Cybersecurity firm McAfee revealed details of a vast operation of malware, phishing, and snooping that stretches back to at least 2006 and comes from one specific country -- although McAfee stops short of pointing fingers.

Dmitri Alperovitch, McAfee’s Vice President of Threat Research, posted “Revealed: Operation Shady RAT“ on the official McAfee blog late Tuesday night. This impressively detailed report shows that 72 compromised parties in 14 different countries have been targeted in the past five years -- and also mentions that a number of others were hit but couldn’t be identified, and the campaign could easily have been going on before 2006 as well.

RAT stands for “Remote Access Tool”; Alperovitch portrays the typical method as a spear phishing attack that opens an email door to download state and corporate secrets, “standard procedure for these types of targeted intrusions.”

“A spear-phishing email containing an exploit is sent to an individual with the right level of access at the company, and the exploit when opened on an unpatched system will trigger a download of the implant malware. That malware will execute and initiate a backdoor communication channel to the Command & Control web server and interpret the instructions encoded in the hidden comments embedded in the webpage code. This will be quickly followed by live intruders jumping on to the infected machine and proceeding to quickly escalate privileges and move laterally within the organization to establish new persistent footholds via additional compromised machines running implant malware, as well as targeting for quick exfiltration the key data they came for.”

Targets include governments (the United States, Canada, South Korea, Vietnam, Taiwan, India, and the United Nations) as well as government contractors and other private companies, but also non-governmental organizations, a fact which Alperovitch finds significant.

“The interest in the information held at the Asian and Western national Olympic Committees, as well as the International Olympic Committee (IOC) and the World Anti-Doping Agency in the lead-up and immediate follow-up to the 2008 Olympics was particularly intriguing and potentially pointed a finger at a state actor behind the intrusions, because there is likely no commercial benefit to be earned from such hacks. The presence of political non-profits, such as the a private western organization focused on promotion of democracy around the globe or U.S. national security think tank is also quite illuminating. Hacking the United Nations or the ASEAN (Association of Southeast Asian Nations) Secretariat is also not likely a motivation of a group interested only in economic gains.”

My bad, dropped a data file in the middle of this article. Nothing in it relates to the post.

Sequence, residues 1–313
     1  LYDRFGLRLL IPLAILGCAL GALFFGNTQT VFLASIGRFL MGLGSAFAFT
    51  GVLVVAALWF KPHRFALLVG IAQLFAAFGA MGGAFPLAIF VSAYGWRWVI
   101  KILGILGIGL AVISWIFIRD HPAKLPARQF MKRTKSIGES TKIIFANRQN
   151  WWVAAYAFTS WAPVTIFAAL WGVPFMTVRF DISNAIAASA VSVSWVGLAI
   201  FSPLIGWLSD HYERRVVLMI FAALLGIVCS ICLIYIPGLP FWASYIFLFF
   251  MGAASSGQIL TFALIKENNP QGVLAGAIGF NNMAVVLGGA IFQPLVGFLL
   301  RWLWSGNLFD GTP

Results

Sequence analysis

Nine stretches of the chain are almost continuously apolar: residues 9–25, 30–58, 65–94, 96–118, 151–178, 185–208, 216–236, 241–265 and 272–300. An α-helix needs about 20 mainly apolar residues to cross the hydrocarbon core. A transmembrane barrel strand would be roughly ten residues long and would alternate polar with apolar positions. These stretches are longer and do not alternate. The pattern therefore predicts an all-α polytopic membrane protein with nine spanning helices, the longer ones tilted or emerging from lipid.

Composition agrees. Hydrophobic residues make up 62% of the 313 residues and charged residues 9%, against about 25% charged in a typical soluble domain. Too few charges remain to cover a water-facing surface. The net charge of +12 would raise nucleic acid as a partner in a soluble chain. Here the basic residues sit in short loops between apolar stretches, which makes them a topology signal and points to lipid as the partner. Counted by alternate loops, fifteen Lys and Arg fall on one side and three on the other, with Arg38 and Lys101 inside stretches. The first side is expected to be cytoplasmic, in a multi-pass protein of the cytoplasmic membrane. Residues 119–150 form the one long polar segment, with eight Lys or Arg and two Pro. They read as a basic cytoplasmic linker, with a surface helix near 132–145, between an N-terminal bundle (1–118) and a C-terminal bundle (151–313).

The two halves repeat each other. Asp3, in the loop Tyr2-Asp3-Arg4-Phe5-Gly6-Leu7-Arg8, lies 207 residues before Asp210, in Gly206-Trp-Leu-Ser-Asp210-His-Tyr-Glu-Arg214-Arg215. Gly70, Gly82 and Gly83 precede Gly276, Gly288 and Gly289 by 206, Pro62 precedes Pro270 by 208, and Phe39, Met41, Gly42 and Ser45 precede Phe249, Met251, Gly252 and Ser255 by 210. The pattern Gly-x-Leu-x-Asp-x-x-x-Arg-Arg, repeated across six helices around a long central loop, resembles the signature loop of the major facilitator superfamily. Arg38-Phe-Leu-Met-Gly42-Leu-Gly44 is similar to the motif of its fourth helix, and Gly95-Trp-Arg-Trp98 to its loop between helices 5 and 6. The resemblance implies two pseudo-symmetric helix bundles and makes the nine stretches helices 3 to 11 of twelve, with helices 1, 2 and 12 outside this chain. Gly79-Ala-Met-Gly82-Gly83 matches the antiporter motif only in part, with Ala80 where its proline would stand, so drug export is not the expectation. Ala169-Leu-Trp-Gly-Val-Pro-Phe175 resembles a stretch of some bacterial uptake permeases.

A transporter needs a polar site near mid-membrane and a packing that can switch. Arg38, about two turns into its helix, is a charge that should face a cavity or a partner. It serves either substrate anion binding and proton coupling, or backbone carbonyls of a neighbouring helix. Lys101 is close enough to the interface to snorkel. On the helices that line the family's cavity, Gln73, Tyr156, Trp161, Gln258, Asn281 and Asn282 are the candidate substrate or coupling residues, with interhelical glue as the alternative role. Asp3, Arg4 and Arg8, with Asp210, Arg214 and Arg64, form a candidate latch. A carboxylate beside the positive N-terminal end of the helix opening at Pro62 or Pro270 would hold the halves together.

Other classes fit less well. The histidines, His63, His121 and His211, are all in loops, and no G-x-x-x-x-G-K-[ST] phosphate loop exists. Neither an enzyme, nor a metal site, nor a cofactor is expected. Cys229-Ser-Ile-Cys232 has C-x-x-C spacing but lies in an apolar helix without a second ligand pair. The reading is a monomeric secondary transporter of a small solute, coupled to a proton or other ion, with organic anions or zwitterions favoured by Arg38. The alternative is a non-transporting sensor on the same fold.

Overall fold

Some are less reluctant than McAfee to name names; Fox News, well-known as a safe harbor for conservative views, is among the media sources who have already put China’s name directly in the headlines. Interestingly, when the New York Times talked to Mark Adams, a spokesman for the International Olympic Committee, Adams implied that someone might not be telling the truth. “We are unaware of the alleged attempt to compromise our information security claimed by McAfee. If true, such allegations would of course be disturbing,” Adams said. “The I.O.C. is transparent in its operations and has no secrets that would compromise either our operations or our reputation.”


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